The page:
U.S. Supreme Court
New Mexico v. Colorado, 268 U.S. 108 (1925)
New Mexico v. Colorado
No. 12, Original
Decree Entered April 13, 1925.
268 U.S. 108
Decree adjudging that the bill of New Mexico be dismissed and the cross-bill of Colorado be sustained, declaring the true boundary between the two states, appointing and instructing a commissioner to run, locate, and mark the same, subject to approval of the Court, with provisions for transmitting copies of the commissioner's report and map, when filed, to the governors of the two states, defining the time for objections and exceptions, providing for possible vacancy in the commissionership, and equally dividing the costs of suit.
Announced by Mr. JUSTICE SANFORD.
This cause having been heard and submitted, and the court having considered the same and announced its conclusions in an opinion delivered January 26, 1925 [ 267 U. S. 267 U.S. 30]:
It is ordered, adjudged, and decreed:
1. The bill of the State of New Mexico is dismissed, and the cross-bill of the State of Colorado is sustained: chanroblesvirtualawlibrary
2. The true and lawful boundary between the State of New Mexico and the State of Colorado consists of the following connecting lines: (a) the line extending westwardly from what is known as the Preston monument, marking the intersection of the thirty-seventh parallel of north latitude with the Cimarron meridian (the one hundred and third) of longitude west from Greenwich, to what is known as the Macomb monument, as the said line was surveyed and marked in the year 1900 by Levi S. Preston, deputy surveyor, while engaged, under the direction of the Surveyor General for New Mexico, in retracing and remarking between said Cimarron meridian and Macomb monument the line that had been surveyed in the year 1874 by John J. Major, astronomer and surveyor, under the direction of the Commissioner of the General Land Office, and (b) the line extending westwardly from said Macomb monument to the intersection of said parallel of latitude with the one hundred and ninth meridian of west longitude, as the said line was surveyed and marked in the year 1868 by Ehud N. Darling, surveyor and astronomer, under the direction of the Commissioner of the General Land Office: Provided that, pursuant to the consent of the parties hereto, the line surveyed and marked in the year 1917 by Wm. C. Perkins, surveyor, under the direction of the Commissioner of the Land Office, as a restoration of the said Darling line between the 203d mile corner and astronomical monument No. 8 of the Darling survey, shall be taken and deemed to be the true location of the portion of the Darling line thus restored.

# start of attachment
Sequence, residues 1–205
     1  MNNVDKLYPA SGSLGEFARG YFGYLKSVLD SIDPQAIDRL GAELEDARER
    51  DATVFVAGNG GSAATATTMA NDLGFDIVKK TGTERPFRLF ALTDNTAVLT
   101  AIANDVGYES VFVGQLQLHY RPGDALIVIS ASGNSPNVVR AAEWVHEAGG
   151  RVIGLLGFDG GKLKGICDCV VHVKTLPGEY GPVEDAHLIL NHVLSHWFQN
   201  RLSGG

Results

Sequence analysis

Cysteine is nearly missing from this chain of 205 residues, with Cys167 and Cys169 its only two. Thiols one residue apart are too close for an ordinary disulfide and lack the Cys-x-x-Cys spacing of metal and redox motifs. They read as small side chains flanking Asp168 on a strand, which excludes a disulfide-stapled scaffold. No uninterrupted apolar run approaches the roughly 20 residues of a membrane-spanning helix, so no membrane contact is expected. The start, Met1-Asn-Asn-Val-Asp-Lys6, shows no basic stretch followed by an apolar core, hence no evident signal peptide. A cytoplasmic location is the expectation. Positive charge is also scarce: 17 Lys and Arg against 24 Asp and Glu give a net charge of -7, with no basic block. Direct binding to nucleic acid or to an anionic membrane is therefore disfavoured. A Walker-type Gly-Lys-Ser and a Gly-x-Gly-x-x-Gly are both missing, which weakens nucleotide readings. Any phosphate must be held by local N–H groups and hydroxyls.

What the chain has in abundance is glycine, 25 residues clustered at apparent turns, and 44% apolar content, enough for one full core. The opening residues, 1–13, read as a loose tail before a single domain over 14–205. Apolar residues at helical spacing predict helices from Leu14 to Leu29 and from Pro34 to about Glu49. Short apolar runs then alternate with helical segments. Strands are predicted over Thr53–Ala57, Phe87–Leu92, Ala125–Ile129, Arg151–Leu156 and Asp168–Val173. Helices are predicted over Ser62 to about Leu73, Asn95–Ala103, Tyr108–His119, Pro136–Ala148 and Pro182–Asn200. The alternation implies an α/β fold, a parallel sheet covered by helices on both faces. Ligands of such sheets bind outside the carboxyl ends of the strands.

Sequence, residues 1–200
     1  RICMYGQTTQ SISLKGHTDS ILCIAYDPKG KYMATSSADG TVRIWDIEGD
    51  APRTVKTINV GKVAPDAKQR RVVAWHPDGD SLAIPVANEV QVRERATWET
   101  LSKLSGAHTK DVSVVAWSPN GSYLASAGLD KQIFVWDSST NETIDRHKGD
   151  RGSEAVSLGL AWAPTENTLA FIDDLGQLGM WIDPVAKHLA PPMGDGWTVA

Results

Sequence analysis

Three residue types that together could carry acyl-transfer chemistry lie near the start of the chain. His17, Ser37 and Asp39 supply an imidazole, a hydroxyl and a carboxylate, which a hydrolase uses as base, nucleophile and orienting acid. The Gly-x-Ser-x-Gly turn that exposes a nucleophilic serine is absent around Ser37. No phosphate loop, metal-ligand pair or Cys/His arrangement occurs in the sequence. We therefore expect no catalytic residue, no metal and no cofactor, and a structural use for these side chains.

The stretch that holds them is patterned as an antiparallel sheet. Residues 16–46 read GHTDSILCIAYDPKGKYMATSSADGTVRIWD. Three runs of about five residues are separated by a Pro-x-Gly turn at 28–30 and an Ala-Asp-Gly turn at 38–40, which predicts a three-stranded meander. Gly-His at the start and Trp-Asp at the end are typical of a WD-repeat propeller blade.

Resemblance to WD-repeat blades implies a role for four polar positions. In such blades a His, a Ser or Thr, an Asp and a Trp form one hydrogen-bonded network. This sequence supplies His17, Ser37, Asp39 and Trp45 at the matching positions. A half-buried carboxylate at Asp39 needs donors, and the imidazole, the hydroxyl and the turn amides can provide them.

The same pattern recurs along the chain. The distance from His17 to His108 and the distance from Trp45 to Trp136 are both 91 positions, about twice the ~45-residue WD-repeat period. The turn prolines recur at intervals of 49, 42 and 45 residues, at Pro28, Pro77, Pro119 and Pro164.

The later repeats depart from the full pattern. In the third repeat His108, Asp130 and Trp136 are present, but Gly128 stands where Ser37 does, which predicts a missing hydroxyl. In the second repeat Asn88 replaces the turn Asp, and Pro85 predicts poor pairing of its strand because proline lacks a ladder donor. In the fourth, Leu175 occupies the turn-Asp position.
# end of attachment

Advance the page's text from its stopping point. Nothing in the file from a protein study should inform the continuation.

3. Arthur D. Kidder, cadastral engineer, is designated as a commissioner to run, locate, and mark the boundary between the two states as determined by this decree. In running the same, the said Preston and Darling lines shall be retraced and restored in accordance with the marks of the original surveys upon the ground and the approved chanroblesvirtualawlibrary
field notes thereof on file in the General Land Office, copies of which are incorporated in the printed record in this cause, except that as to the portion of the said Darling line restored by said Perkins, the line marked by said Perkins shall be followed.
4. The boundary shall be market by establishing permanent monuments thereon, suitably marked and at appropriate distances. All corners and monuments established by said Darling that were destroyed or obliterated by Howard B. Carpenter, surveyor, in accordance with the direction of the Commissioner of the General Land Office, in making a survey of the boundary in the years 1902 and 1903 shall be restored, and all new corners and monuments that were established by said Carpenter on his survey shall be destroyed.
5. The commissioner shall include in his report a description of the monuments established by him and of the courses and distances between them. He shall file with his report the field notes of his survey and a map showing the boundary line as run and marked by him; also two copies of his report and map.
6. Before entering upon his work, the commissioner shall take and subscribe an oath to perform his duties faithfully and impartially. He shall prosecute the work with diligence and dispatch, and shall have authority to employ such assistants as may be needed therein, and he shall include in his report a statement of the work done, the time employed, and the expenses incurred.
7. The work of the commissioner shall be subject in all its parts to the approval of the Court. The copies of the commissioner's report and map shall be promptly transmitted by the clerk to the governors of the two states, and exceptions or objections to the commissioner's report, if there be such, shall be presented to the Court, or, if it be not in session, filed with the clerk, within 40 days after the report is filed. chanroblesvirtualawlibrary
8. If, for any reason, there occurs a vacancy in the commissionership when the Court is not in session, the same may be filled by the designation of a new commissioner by the Chief Justice.
9. All the costs of the cause, including the compensation and expenses of the commissioner, shall be borne in equal parts by the State of New Mexico and the State of Colorado.